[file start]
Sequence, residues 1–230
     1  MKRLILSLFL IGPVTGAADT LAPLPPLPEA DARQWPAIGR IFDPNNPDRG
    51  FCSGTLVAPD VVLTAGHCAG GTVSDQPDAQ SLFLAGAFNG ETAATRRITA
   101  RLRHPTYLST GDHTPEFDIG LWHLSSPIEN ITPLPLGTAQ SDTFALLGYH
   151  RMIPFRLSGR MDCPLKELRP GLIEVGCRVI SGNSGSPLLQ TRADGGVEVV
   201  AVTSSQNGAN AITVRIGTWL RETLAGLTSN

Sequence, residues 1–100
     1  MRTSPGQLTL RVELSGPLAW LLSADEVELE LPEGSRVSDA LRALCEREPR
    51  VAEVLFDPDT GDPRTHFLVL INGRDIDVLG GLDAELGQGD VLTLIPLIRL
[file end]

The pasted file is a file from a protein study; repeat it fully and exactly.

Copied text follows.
Sequence, residues 1–230
     1  MKRLILSLFL IGPVTGAADT LAPLPPLPEA DARQWPAIGR IFDPNNPDRG
    51  FCSGTLVAPD VVLTAGHCAG GTVSDQPDAQ SLFLAGAFNG ETAATRRITA
   101  RLRHPTYLST GDHTPEFDIG LWHLSSPIEN ITPLPLGTAQ SDTFALLGYH
   151  RMIPFRLSGR MDCPLKELRP GLIEVGCRVI SGNSGSPLLQ TRADGGVEVV
   201  AVTSSQNGAN AITVRIGTWL RETLAGLTSN

Sequence, residues 1–100
     1  MRTSPGQLTL RVELSGPLAW LLSADEVELE LPEGSRVSDA LRALCEREPR
    51  VAEVLFDPDT GDPRTHFLVL INGRDIDVLG GLDAELGQGD VLTLIPLIRL